Welcome to McLean

An enclave of manicured neighborhoods just minutes from downtown Washington.

Key Details

Attributes

close-in suburb, independent shops, parks

LOCATED IN VIRGINIA

Commute Times
Metro Center 21m by car
Union Station 1h 12m by train, 32m by car
Dupont Circle 1h by train, 21m by car
Reagan National Airport 1h 15m by train, 16m by car
Nearest Metro
  • or transit
  • bl transit
  • sv transit
Boundaries
East to West Arlington County line to Spring Hill Road
North to South Potomac River to I-66 and Route 267
Nearby Neighborhoods Arlington, Falls Church, Great Falls, Vienna

Around the Block

Mclean
One of DC’s first suburbs.

Established in 1910, McLean gets its name from John McLean, a one-time publisher of The Washington Post who established a rail line connecting the area to Washington, D.C. That line, which follows the present-day Old Dominion Drive, heralded the growth of many neighborhoods around it, stretching out to the north of the Potomac River and what are now Routes 267 and 66 to the south. Its close proximity to the city makes it an ideal home for diplomats, government officials, members of Congress, and business executives.

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What to expect:
A bedroom community with a growing commercial base.

Many of McLean’s twisty roads used to be horse trails, but the rural flavor of this suburb has been replaced with a robust little town center around the intersection of Old Dominion Drive and Chain Bridge Road. Public transportation includes bus service and the recent expansion of the Metro silver line. Residents can also opt to take a quick drive down Route 123 to the booming Tysons Corner Center, where two malls that straddle the highway have led to office and condo developments in recent years.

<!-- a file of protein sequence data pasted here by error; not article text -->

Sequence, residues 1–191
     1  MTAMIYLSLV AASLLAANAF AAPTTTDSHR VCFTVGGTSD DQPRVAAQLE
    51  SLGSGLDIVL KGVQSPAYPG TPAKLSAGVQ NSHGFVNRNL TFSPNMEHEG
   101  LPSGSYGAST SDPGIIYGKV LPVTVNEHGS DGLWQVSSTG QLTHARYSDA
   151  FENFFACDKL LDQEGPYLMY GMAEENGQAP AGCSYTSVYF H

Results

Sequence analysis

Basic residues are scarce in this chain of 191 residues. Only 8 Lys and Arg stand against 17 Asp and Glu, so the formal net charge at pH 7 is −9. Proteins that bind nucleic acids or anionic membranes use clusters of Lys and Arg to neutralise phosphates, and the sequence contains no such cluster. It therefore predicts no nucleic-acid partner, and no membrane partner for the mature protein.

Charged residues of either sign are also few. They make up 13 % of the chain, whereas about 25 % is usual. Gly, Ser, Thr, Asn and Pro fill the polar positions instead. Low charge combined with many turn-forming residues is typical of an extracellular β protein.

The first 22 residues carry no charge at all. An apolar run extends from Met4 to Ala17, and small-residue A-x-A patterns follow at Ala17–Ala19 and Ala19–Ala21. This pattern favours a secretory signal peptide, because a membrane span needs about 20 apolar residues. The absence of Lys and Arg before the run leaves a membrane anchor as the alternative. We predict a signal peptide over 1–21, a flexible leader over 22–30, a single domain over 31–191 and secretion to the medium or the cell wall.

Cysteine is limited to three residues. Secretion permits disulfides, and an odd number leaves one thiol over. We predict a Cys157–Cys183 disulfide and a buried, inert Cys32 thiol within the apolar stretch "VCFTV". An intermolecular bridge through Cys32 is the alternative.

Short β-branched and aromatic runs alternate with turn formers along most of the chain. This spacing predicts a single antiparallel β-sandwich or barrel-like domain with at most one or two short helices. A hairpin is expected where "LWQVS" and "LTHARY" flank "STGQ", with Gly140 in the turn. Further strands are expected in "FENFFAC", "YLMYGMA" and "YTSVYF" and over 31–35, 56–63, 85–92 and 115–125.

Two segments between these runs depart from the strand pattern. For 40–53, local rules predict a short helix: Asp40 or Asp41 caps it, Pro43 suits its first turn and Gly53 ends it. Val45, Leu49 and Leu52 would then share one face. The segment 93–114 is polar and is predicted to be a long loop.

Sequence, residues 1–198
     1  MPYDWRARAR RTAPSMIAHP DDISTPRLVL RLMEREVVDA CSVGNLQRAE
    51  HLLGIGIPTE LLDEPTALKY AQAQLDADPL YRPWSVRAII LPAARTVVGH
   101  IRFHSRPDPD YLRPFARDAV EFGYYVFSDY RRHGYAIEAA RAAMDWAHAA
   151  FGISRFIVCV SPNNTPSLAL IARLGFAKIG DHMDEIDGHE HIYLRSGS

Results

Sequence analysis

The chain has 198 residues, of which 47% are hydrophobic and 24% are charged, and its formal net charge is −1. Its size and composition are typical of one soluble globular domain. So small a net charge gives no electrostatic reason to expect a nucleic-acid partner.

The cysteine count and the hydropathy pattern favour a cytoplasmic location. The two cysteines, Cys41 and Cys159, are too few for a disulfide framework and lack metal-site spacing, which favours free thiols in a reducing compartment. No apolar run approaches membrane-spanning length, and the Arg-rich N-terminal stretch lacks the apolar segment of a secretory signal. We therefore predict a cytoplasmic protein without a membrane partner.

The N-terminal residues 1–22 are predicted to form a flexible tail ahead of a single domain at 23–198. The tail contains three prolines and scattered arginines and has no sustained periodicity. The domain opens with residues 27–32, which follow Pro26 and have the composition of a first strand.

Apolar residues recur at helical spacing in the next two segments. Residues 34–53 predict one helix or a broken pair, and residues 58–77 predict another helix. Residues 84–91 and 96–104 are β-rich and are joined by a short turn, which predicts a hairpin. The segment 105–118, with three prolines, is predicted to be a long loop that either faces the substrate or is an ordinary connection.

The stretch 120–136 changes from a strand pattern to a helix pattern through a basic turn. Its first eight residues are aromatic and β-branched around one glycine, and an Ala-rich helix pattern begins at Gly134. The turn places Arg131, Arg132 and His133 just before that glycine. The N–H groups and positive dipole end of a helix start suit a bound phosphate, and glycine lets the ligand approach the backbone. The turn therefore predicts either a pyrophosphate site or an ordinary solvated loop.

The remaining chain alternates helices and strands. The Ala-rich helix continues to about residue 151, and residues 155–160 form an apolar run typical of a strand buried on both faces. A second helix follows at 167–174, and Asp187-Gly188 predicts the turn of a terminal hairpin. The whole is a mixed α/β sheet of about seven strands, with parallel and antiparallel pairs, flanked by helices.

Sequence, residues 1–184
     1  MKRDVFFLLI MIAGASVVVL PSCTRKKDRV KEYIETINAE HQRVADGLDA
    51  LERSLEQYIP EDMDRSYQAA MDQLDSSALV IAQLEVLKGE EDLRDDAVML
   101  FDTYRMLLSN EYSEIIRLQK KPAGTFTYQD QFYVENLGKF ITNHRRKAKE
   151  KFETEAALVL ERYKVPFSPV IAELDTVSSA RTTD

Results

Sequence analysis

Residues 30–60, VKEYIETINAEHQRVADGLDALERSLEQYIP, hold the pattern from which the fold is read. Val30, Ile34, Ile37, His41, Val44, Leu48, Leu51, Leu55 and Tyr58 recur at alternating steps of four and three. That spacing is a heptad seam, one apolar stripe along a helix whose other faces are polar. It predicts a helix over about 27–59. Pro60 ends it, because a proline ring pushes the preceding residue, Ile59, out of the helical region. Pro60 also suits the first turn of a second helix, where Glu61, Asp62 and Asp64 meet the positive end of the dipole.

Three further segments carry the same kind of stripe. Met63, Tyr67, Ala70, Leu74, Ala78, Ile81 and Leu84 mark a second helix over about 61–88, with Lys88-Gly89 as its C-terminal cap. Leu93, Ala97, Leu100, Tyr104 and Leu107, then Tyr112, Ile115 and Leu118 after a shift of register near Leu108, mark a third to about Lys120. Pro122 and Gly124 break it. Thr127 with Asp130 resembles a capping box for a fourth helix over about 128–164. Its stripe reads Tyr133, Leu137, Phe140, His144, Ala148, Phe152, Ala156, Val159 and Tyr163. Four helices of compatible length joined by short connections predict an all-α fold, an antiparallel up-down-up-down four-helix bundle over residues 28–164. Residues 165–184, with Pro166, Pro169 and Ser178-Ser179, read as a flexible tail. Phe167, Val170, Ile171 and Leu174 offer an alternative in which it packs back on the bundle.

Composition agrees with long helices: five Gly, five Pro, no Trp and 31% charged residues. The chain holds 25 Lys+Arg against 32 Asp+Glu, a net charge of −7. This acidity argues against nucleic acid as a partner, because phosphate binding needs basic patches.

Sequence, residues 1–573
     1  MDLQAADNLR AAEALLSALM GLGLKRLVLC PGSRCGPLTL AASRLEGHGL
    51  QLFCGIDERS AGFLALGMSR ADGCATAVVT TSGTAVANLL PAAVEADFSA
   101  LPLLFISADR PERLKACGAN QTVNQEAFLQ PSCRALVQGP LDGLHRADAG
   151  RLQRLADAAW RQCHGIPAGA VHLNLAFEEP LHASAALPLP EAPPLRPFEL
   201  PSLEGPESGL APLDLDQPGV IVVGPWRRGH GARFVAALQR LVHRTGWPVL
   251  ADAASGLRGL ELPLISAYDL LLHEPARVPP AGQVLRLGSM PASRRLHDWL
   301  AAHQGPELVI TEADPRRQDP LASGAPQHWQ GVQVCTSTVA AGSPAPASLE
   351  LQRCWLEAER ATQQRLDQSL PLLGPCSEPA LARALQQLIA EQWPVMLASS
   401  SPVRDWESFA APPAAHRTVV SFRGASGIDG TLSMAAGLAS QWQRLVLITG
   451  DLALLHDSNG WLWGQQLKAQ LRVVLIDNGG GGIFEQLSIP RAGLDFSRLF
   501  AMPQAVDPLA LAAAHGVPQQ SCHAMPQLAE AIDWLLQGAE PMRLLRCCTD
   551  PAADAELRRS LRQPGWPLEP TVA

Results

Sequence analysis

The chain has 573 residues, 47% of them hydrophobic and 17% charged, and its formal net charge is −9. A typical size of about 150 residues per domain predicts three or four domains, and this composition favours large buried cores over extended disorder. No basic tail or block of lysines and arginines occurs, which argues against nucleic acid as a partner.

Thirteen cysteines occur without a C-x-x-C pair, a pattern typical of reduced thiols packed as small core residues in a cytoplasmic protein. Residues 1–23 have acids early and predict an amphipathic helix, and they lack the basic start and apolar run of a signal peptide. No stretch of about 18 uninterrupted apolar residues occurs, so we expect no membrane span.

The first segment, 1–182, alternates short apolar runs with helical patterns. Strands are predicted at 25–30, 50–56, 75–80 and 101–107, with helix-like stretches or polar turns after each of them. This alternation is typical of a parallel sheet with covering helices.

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The lifestyle:
Keeping up with the family.

Many residents enjoy a family-centric lifestyle in McLean. From school options to extracurricular activities, there is something for everyone. Local hangouts like Rocco’s Pizza and the McLean Family Restaurant are often filled with those grabbing a bit after a game or activity.

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Unexpected appeal:
A small town feel—without being small town.

McLean’s relatively quiet business district is filled with independent shops and boutiques and small neighborhood restaurants. But the growth of Tysons Corner down the road dramatically expands the shopping and dining options while the town center retains its quaint, neighborly feel.

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The market:
A mixture of older homes, infill development and large, new-construction houses.

You can still see old farmhouses dotting McLean’s neighborhoods, which also include colonial, mid-century ranches, and split-level homes. But many swathes of land, such as the old Evans Farm along Route 123, have been turned into large, new luxury developments since the turn of the 21st century.

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You'll fall in love with:
Easy access to parks and trails.

Several parks and preserves line the Potomac River as the George Washington Parkway winds its way through McLean, providing a rugged and bucolic escape that’s just minutes from the city. Everyone loves Clemyjontri Park, one of the region’s only fully handicap accessible playgrounds.

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